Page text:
I am not willing to draw hurried conclusions. Medvedev’s speeches show that Russia’s foreign policy basis has not changed. The Russia’s foreign policy theory is still based on a mixture of two mutually clashing political theories: real politics and geopolitics. Besides, both theories are taken in the form they were designed in late 19th – early 20th centuries. State is a self-centred build, and its foreign policy is concentrated on realization of national interests. These interests are determined by the size of the country and its location on geographical map (implying unavoidable contradictions between the “isles” of the US and UK). While realizing its interests, a country tries to draw as much weak states as possible to its orbit of influence in order to use them later on as pawns in the global chess game. “Ideology” or values are just pretexts for interfering in a competitor’s internal matters, trying to weaken it.
It is not a too difficult task to integrate this theory in globalization process. Globalization which allowed the major players concentration in their hands of a huge economic resource is considered as a threat of predomination of the single country – the US. Russia’s sovereignty and its national interests in such situation may be protected by popularizing of the idea of “multi-polarity”. From that, a conclusion follows that any decision on global level should be made only reaching a consensus between the “poles”, which, in fact, is impossible.
Officially terrorism and proliferation of nuclear weapons are regarded as global threats. But the fact is ignored that these threats come from one or several so called “poles”. The real threat lies in the circumstance that globalization has resulted in marginalizing of tens of millions of the world population (most of the Middle East). On the one hand, because of the existing level of development of their country, they react inadequately to the world events, being concerned that the modern civilization endangers their religion, traditions and values. On the other hand, radical citizens of these countries are using on a broad scale achievements of the modern civilization turning civil airplanes in missiles and Internet – in a weapon for fight against the Western civilization.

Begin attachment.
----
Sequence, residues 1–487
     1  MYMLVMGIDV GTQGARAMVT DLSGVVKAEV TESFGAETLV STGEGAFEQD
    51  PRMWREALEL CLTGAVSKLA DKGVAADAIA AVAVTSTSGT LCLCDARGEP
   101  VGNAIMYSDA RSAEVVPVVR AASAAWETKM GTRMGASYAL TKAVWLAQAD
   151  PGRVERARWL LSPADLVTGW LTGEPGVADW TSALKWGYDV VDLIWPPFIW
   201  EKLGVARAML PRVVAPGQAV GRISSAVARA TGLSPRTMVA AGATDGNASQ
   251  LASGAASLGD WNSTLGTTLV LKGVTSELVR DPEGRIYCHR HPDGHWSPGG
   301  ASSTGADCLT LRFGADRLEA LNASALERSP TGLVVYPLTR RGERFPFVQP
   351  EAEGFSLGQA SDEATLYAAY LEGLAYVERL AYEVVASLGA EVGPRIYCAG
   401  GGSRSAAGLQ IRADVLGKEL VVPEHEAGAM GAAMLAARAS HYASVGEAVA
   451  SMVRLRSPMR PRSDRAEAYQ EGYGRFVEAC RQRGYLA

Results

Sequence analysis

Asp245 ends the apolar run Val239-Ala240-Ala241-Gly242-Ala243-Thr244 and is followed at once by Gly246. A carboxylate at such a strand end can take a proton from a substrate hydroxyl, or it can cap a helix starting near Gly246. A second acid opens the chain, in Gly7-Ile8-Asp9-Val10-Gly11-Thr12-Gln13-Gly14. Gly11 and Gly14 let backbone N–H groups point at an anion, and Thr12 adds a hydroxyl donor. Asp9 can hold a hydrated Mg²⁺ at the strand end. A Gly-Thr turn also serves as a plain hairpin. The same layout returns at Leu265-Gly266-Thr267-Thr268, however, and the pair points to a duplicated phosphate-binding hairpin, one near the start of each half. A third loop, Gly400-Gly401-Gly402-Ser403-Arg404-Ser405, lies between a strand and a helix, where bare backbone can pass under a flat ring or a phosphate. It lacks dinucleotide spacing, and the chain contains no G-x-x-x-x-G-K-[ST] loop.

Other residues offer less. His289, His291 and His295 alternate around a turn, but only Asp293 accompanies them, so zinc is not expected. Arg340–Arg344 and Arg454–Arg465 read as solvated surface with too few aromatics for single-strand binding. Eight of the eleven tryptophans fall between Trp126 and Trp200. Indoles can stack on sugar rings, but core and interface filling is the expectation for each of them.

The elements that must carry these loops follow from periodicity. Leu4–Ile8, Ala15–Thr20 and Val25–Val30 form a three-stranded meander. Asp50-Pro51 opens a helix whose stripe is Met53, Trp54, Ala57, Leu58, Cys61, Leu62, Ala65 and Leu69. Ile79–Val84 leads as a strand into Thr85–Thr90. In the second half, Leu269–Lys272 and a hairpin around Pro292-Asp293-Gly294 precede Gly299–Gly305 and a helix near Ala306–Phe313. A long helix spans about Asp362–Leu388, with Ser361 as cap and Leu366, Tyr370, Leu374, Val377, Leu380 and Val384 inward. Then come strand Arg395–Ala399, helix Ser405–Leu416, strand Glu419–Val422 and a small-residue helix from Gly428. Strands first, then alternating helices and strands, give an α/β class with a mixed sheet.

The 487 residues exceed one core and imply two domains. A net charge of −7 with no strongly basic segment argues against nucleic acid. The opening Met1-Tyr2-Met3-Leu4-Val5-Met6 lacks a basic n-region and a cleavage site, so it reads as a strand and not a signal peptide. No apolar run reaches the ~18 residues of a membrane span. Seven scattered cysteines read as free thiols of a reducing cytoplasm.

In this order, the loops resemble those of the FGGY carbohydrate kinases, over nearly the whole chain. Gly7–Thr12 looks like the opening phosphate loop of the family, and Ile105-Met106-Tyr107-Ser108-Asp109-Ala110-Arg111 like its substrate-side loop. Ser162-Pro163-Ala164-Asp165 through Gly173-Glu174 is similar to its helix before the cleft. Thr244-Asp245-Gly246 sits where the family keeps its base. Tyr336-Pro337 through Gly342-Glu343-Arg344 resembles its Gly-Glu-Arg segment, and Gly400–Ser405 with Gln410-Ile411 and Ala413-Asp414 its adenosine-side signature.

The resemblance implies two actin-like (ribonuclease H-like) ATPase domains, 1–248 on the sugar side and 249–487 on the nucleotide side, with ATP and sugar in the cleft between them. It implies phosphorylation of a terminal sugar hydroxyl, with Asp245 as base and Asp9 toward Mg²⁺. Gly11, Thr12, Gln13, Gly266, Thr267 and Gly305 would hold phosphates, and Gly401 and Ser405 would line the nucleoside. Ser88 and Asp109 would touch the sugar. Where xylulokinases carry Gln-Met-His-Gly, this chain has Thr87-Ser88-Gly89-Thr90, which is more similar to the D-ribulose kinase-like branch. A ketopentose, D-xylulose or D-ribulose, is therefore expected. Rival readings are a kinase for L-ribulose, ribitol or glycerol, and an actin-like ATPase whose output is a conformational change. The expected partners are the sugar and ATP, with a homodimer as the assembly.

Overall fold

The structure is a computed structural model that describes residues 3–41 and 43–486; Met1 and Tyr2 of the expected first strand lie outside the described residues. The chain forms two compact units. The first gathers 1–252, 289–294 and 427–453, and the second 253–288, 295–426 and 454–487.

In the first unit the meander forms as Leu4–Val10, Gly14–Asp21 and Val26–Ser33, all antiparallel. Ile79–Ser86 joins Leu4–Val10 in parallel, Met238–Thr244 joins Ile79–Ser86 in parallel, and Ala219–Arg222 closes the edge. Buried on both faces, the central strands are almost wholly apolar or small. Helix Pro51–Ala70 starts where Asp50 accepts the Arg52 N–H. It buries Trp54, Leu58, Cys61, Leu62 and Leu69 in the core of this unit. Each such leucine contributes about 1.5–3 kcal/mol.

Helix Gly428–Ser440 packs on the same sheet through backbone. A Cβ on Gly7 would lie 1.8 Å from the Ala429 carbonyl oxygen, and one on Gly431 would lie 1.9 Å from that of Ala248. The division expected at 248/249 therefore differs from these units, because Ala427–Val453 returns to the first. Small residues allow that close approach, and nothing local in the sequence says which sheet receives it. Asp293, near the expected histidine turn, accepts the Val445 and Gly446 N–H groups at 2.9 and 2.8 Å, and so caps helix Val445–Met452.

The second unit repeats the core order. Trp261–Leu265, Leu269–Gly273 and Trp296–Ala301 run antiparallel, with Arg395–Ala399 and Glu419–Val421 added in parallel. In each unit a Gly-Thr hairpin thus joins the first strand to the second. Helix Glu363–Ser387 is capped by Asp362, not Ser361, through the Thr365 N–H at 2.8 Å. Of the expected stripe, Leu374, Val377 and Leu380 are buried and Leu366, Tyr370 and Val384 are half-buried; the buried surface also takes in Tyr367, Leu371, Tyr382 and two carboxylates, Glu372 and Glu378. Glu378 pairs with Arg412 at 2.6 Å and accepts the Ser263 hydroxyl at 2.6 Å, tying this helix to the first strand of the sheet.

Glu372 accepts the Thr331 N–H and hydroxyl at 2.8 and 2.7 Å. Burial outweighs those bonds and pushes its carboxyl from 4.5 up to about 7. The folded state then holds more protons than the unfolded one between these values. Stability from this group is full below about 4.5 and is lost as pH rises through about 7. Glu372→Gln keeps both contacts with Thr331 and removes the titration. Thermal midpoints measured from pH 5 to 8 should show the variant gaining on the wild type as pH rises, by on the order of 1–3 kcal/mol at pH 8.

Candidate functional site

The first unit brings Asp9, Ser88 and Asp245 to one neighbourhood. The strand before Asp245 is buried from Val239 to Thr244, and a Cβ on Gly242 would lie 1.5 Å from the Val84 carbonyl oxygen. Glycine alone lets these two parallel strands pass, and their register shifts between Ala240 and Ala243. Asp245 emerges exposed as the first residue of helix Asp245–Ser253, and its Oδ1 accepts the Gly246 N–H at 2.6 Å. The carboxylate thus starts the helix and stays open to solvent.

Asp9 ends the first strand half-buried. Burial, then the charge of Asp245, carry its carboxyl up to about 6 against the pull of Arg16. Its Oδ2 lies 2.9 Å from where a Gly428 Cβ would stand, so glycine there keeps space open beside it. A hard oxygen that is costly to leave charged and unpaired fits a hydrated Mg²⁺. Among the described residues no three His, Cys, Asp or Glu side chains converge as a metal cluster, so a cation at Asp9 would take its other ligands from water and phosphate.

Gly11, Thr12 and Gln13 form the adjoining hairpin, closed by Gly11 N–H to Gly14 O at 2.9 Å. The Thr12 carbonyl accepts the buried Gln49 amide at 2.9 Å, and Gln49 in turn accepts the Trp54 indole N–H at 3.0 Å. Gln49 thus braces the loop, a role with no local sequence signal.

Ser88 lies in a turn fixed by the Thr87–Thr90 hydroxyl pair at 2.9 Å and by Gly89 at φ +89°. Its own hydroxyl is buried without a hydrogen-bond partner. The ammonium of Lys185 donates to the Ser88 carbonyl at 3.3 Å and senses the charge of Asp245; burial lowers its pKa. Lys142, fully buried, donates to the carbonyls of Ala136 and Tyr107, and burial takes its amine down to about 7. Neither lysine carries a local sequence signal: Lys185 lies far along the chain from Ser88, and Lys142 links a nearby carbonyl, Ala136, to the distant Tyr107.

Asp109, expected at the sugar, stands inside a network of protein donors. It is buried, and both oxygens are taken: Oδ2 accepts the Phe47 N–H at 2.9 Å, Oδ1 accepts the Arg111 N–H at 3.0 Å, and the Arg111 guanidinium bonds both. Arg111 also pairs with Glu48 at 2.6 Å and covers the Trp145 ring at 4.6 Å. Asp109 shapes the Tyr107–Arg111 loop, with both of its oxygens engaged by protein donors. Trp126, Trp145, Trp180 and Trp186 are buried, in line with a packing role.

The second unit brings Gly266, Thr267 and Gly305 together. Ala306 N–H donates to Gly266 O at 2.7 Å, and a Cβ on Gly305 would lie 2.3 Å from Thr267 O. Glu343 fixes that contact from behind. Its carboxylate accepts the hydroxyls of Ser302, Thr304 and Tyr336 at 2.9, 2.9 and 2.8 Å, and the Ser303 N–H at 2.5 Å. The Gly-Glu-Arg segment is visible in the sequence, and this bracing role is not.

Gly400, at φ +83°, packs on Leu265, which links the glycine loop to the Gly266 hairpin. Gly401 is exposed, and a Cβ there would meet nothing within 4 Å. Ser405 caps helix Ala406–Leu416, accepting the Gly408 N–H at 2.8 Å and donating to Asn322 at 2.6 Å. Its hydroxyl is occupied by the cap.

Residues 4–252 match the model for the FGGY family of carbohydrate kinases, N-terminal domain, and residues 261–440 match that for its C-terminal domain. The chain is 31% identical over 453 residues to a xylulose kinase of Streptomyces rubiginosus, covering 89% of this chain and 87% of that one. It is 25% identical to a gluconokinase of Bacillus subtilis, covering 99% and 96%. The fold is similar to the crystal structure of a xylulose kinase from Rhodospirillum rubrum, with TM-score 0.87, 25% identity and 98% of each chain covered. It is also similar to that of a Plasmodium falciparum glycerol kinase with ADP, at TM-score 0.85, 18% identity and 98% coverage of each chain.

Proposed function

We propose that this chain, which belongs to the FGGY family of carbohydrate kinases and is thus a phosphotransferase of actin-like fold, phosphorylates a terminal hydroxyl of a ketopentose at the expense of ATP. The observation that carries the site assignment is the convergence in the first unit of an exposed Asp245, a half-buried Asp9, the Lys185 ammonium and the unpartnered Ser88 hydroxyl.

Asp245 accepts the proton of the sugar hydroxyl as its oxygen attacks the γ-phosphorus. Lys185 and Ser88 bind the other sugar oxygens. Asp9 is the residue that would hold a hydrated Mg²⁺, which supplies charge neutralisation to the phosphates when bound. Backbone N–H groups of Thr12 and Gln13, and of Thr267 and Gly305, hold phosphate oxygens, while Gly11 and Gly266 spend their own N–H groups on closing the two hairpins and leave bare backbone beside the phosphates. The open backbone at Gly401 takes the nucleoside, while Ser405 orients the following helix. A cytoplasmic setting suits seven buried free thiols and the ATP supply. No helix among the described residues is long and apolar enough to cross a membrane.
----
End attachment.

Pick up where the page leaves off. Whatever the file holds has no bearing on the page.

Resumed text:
The same problem around non-proliferation of weapons: the North Korean and Iranian regimes are trying to protect their specific “values” bay blackmailing the rest of the world with the use of nuclear weapons. In this case the “multi-polarity” has objectively lead to solidarity between Moscow and the “marginals”, thereby gaining allies for its weapons supplies and political support.
Furthermore, the discomfort from globalization, caused for Russia by the Western countries’ policy, drawing still more states to their orbit, is “verbalized” in military terminology. Russia, according to Medvedev, is the only European country speaking about crisis of security system on the continent (besides, offering the example of Russia – Georgia military conflict, which however had been initiated mostly because of the very Moscow’s openly provocative policy). Russia’s President once more proposes designing of a European Security Agreement as a solution to the problem, which would be a legal reflection of the “security indivisibility” and a fixed promise not to guarantee one’s own security at the expense of security of the other countries.